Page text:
To keep things fair, you should include at least one Key Performance Indicator (KPI) that shows a key company value. For instance, if your company values "adaptability" and you have an employee who usually does the same thing, push them to learn a new skill that is related to their job. After that, this could become part of their usual duties.
This method has two benefits: it helps the company by creating a more flexible workforce, and it helps the employee grow personally and improve their skills.
It's very important that these KPIs, or success measures, are clear and measurable. It's possible that vague goals like "show adaptability" won't work unless the employee in question already has this skill.
If the employee is okay with it, you might want to show the rest of the team some great examples of how core values have been shown. In addition to recognizing and appreciating the work of people, this sets an example for other team members to follow. Sharing wins helps to reinforce the company's values across the whole business, which makes people more likely to act in similar ways in their own jobs.
Platforms such as AgilityPortal provide an opportunity for employers to publicly acknowledge these achievements, enabling other employees to engage with likes, comments, and shares. This practice fosters a culture of recognition and shared values across the organization.
Company communications typically encompass diverse forms, including:
Your company's core ideals should be woven into all of its internal communications in a way that is both subtle and clear. Even if these ideals aren't always stated directly, they should be clear from the message that's being sent.
Start by taking a close look at all of your present internal communication tools. Make sure they are clear and consistent, and that they reflect at least one of the organization's core ideals. This step is very important to make sure that the message on all platforms is consistent and fits with the company's values.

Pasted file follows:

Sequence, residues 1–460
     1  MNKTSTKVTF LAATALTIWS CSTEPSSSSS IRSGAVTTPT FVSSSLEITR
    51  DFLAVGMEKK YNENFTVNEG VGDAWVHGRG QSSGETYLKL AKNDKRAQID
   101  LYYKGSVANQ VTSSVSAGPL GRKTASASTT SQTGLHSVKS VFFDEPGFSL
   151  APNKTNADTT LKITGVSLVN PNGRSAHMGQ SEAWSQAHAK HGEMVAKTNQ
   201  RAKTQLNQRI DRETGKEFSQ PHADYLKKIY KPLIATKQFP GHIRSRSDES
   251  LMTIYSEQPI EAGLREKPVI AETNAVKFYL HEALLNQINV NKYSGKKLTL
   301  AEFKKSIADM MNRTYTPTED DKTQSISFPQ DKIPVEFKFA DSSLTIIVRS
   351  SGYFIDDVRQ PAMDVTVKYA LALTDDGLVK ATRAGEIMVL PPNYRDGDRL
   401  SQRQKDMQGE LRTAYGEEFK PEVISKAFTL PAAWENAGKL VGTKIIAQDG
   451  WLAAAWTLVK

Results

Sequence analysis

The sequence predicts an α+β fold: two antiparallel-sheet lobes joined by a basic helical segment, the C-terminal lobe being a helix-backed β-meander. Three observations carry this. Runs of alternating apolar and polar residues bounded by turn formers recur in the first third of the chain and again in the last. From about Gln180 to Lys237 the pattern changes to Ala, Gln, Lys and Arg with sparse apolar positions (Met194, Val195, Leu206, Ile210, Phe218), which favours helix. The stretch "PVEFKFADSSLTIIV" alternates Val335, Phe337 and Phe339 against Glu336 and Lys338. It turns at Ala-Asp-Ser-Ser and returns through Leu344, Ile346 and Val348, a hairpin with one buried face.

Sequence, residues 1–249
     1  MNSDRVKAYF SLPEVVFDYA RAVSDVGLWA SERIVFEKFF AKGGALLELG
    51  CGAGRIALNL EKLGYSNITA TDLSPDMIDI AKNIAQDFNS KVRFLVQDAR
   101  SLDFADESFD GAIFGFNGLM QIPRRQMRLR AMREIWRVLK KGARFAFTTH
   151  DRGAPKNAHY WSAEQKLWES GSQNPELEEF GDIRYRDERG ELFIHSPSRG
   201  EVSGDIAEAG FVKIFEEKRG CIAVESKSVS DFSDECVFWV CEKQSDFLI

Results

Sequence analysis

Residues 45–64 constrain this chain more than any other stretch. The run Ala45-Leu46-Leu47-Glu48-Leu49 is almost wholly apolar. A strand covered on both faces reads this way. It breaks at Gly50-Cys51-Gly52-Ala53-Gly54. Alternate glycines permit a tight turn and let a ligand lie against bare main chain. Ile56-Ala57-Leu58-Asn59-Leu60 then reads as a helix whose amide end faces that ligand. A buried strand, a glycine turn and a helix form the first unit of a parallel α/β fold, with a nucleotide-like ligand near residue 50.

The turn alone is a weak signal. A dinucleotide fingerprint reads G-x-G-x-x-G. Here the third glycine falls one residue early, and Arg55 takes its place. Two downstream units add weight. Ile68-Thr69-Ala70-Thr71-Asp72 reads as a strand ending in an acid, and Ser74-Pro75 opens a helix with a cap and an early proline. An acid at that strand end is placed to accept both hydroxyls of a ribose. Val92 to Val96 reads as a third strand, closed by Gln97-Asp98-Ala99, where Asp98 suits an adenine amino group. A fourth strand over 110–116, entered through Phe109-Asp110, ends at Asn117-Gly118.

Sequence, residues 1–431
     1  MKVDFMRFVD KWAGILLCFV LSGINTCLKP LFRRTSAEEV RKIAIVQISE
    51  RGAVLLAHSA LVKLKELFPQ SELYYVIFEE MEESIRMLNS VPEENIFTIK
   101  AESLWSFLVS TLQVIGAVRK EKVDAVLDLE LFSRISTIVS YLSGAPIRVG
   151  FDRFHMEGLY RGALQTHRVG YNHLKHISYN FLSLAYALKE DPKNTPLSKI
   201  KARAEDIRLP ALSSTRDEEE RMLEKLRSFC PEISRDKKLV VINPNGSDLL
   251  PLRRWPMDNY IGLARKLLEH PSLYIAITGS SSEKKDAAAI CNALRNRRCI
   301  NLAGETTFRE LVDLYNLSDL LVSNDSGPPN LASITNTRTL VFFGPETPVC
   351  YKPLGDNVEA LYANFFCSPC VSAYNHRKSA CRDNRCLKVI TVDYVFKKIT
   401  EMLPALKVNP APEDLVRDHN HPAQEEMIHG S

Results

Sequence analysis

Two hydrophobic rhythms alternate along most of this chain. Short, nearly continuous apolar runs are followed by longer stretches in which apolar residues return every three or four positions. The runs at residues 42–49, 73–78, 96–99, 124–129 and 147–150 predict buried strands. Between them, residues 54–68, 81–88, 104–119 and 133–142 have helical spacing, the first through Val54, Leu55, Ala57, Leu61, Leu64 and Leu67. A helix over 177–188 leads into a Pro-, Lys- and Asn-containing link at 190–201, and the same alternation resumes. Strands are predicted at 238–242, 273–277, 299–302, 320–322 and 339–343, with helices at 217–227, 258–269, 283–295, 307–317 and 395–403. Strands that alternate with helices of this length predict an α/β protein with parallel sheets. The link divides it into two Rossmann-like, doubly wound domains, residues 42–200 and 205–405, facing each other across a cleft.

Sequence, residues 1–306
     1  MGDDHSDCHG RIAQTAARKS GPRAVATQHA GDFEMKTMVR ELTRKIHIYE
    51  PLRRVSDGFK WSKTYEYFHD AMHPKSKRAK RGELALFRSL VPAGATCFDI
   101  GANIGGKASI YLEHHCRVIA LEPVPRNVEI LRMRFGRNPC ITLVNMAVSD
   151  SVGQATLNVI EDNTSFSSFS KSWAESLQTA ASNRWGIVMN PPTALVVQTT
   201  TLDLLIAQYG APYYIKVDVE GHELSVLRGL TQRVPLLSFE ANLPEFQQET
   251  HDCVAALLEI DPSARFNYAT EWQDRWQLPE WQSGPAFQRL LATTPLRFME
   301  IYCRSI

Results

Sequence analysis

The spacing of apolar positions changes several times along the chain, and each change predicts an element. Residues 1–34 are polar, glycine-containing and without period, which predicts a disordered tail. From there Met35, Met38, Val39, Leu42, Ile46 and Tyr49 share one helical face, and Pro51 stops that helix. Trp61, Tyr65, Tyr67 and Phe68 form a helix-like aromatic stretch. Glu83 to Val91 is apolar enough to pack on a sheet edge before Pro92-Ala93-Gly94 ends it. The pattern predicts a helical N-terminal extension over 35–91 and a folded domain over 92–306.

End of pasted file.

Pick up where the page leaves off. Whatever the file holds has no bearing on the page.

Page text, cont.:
Get your artistic team involved with this. With everyone's help, make a list of standard messages that fit with the goals of your company. It's easier to stick to the same story in all forms of internal communication when you have a list of pre-approved, value-aligned messages on hand. This method makes it much less likely that people will misunderstand or be confused about what the group stands for.
By using this approach, you can be sure that the company's core values aren't just words on a page, but are actually shown in all internal communications.
This action makes the company's beliefs real for every worker by making them a part of everyday life.
At this point, most members of your organization are likely well-versed in the aspirational values and mission of the company.
To deeply embed these values into your corporate culture, the subsequent move is to animate them in everyday operations through strategies aimed at engaging employees.
Motivate your staff to contribute to highlighting organizational values, either through recommended activities or their innovative ideas.
For instance, if your company hosts regular internal podcasts, an employee might propose conducting a series of interviews focusing on colleagues who exemplify these values.
Consider organizing competitions that invite narratives showcasing your cultural values.
Beyond engagement initiatives, it's crucial to ensure that these core values are reflected in your policies and operational procedures. When formulating a new procedure, ponder its contribution to your values.
Crucially, foster a sense of ownership among your employees. Encourage them to interpret and apply your value statements in a manner that aligns with their perspectives. Resilient core values should be versatile enough for diverse interpretations and applications.